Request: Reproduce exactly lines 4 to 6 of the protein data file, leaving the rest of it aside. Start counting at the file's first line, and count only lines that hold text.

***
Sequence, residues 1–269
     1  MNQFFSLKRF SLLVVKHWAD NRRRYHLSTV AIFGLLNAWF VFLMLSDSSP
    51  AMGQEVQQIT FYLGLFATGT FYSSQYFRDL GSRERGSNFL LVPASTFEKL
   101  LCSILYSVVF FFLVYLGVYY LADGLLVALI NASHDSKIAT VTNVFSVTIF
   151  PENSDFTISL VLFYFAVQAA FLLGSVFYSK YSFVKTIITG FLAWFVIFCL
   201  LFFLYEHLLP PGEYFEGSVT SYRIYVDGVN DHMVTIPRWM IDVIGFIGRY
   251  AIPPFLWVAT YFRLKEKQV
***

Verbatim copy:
   101  LCSILYSVVF FFLVYLGVYY LADGLLVALI NASHDSKIAT VTNVFSVTIF
   151  PENSDFTISL VLFYFAVQAA FLLGSVFYSK YSFVKTIITG FLAWFVIFCL
   201  LFFLYEHLLP PGEYFEGSVT SYRIYVDGVN DHMVTIPRWM IDVIGFIGRY